July 21, 2009

Mobile WiMAX System Architecture

The Mobile WiMAX network architecture is defined by WiMAX Forum’s Network Working Group (NWG). It has been planned to offer capable mobility mutually at micro and macro network levels as well as providing inter-technology roaming and handovers through the use of standard interfaces. Since Mobile WiMAX implements standard interfaces for interoperability between equipment, it is key to understand the basic network architecture.

The Mobile WiMAX network architecture has been designed to support network sharing through a variety of standardized interfaces. The network architecture supports different business models, allowing a logical separation between the following functions:

The Network Access Provider (NAP): Entity that owns and/or operates the access network.

The Network Service Provider (NSP): Entity that owns the subscriber and provides the broadband access service.

The Application Service Providers (ASP): Entities that provide the value added services.

The architecture supports the concept of a virtual network operator,
enabling a Mobile WiMAX access network to be shared by multiple NSPs or indeed NSPs using access networks from multiple NAPs. In conjunction with these models, the architecture supports the ability for the Mobile Subscriber (MS) to discover and select service from one or more of the available NSPs.

The Mobile WiMAX end-to-end network architecture model follows the Network Reference Model (NRM), the first release of which is shown below.
The Network Reference Model contains reference points, which reflect defined interfaces within the architecture. A summary of reference points is provided below.

R1: Interface between the MS and the ASN. Functionality: air interface.
R2: Interface between the MS and the CSN. Functionality: AAA, IP host configuration, mobility management.
R3: Interface between the ASN and CSN. Functionality: AAA, policy enforcement, mobility management.
R4: Interface between ASNs. Functionality: mobility management.
R5: Interface between CSNs (home & visited networks) Functionality: internetworking, roaming.
R6: Interface between BS and ASN-GW. Functionality: IP tunnel management to establish and release MS connection.
R8: Interface between Base stations. Functionality: Mobile handoffs.

The mobile WiMAX NRM calls for the ability to manage subscriber mobility at a number of layers as well as providing authentication, accounting and policy control on a per subscriber basis. This is achieved by dividing the WiMAX network into two main parts:

* Access Service Network (ASN)
* Connectivity Service Network (CSN)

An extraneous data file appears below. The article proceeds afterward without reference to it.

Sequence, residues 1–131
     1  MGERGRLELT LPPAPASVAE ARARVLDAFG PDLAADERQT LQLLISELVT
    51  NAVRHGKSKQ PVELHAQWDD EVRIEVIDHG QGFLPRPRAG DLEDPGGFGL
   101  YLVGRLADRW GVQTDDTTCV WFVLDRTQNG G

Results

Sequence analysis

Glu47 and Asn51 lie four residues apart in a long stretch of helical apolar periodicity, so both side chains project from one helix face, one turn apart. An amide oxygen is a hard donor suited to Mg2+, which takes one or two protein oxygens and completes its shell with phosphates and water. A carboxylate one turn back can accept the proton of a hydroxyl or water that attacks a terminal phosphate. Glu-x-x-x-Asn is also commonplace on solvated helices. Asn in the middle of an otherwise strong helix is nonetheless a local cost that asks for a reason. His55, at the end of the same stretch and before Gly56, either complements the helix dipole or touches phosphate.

The ASN logically consists of a complete set of functions in order to provide radio access to the WiMAX subscriber. The ASN provides the following mandatory functions:

* WiMAX Layer 2 connectivity to the Mobile Subscriber
* Transfer of AAA messages from the MS to the WiMAX subscriber’s Home Network Service Provider (H-NSP)
* Network Discovery & Selection of the WIMAX subscriber’s preferred Network Service Provider (NSP)
* Relay for establishing Layer 3 connectivity with the MS device
* Radio Resource Management
* ASN to CSN tunneling
* Mobility and Paging / Location Management

A key element of the ASN is the ASN GW, which controls and aggregates the traffic from one or more WiMAX base stations. It manages handover of MS devices between them as well as coordinating authentication, service flows and key distribution between base stations.


The CSN logically consists of a complete set of network functions to provide IP connectivity services to the WiMAX subscriber. The CSN provides the following functions:

* Mobile Station IP address
* End point parameter allocations for user sessions
* Internet Access
* AAA proxy or server
* Policy and admission control (based on user subscription profiles)
* ASN-CSN tunneling support
* WiMAX subscriber billing and inter-operator settlement
* Inter-CSN tunneling for roaming
* Inter-ASN mobility
* Services; for example location based services

The key elements of the CSN are the Home Agent and AAA server. The Home agent provides an anchor point for Mobile IP nodes (MS), providing a care-of-address for communication to the device. The Home Agent uses tunneling to forward traffic to the MS through the Foreign Agent in the ASN-GW. This tunnel ensures that the MS does not need to change IP address as it moves around the network.


hoha said...


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